The Costa Mesa City Council is scheduled to hear a wide variety of issues during its regular meeting Tuesday night, including appointing planning commissioners, potentially adopting changes to July 4 fireworks sales and forming a pension oversight committee.
After approving a request from Councilwoman Sandy Genis earlier this month, the council will appoint three members to the five-person commission. The effort attempts to correct the council's Jan. 15 mistake when it appointed a third commissioner to fill the sudden vacancy from Commissioner Edward Salcedo, who resigned Jan. 14. A one-day notice was not enough time to do such an act, the city clerk's office ruled after the Jan. 15 meeting.
Two of the commission terms are for four years. The third is for the remainder of Salcedo's term, which was set to expire in February 2015.
Mayor Pro Tem Steve Mensinger has also requested a series of changes for city's fireworks sale policy during the July 4 holiday period, when many community groups sell fireworks to raise funds for their efforts throughout the year.
According to the city staff report, suggested new language for the ordinance includes reducing the maximum amount of fireworks stand permits from 40 to 25 through attrition, instituting a $1,000 maximum amount paid to fireworks providers, having the city waive all permit fees for fireworks stands, and certifying that the fireworks sellers must be in good standing with their nonprofit status.
Waiving the fees will allow the sellers to have a greater profit margin, city officials said.
"With fireworks sales being the only true fundraiser for most of the user groups involved, the goal of the proposed changes is to alleviate the pressure of year-round fundraising and put the focus back on the sport," the staff report states.
Mensinger also requested formal council consideration of a committee to "evaluate annual pension oversight issues," according to the agenda report.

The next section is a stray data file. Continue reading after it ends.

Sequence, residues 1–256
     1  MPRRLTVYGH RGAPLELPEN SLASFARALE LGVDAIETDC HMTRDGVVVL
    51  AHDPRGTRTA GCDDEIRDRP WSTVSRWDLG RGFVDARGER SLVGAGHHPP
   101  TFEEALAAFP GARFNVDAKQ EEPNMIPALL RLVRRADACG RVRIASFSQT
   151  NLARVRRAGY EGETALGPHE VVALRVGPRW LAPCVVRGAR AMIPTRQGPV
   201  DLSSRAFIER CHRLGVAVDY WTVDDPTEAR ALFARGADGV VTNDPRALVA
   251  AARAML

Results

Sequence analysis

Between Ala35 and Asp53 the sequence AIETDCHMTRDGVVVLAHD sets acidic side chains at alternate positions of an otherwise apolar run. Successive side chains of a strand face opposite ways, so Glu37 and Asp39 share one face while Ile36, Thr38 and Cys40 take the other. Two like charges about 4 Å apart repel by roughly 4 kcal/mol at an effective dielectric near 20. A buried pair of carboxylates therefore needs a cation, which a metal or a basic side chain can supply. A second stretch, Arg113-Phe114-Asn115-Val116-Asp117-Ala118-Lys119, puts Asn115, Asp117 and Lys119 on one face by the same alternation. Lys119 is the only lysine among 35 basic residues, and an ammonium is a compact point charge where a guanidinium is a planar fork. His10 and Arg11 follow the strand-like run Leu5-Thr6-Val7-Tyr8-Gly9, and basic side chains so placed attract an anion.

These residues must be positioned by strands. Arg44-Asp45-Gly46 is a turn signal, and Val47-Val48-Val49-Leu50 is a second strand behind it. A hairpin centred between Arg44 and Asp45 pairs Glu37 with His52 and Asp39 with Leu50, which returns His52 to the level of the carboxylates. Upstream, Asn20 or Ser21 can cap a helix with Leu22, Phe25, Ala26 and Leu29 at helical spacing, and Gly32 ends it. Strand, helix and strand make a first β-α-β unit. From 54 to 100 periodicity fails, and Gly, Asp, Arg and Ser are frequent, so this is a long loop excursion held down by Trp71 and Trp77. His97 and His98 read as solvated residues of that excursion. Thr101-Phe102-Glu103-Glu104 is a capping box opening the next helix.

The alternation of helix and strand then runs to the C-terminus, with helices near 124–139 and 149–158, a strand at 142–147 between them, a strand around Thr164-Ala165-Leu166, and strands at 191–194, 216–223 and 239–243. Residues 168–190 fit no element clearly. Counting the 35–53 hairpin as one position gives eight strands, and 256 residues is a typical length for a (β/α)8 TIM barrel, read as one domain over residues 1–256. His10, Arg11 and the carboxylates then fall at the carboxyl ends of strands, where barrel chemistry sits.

If formed, the committee could include nine residents and three members from the employee associations. It would advise the council at least once a year.
A part-time management analyst, working five to 10 hours a week at a potential rate of $41.31 an hour, would also support the committee, as will city staff from various departments and the representatives from the employee associations.
Other council actions
The council is also scheduled to consider establishing an information technology replacement fund.
If approved, the fund is expected to have a nearly $1.73-million impact to city coffers, which includes the need for a $1.2-million loan from the city's general fund. Other funds would come from the Police Department, which has its own computer system separate from the rest of the city.
City staff are estimating the majority of the initial technology upgrades would be completed by June or July.
The council is also set to consider seeking an audit of the Costa Mesa Country Club, an upgrade of the digital video recording systems for 49 Police Department vehicles — at an amount of nearly $321,000 — and changing a land-use designation on a 4.2-acre parcel at Baker and Pullman streets, near the Costa Mesa (55) Freeway.
If the parcel is changed from industrial to high-density residential, a 236-unit apartment complex is being considered for the site at 125 E. Baker St. The area currently has 66,000-square-foot, two-story office building that was developed in 1974, according to city staff.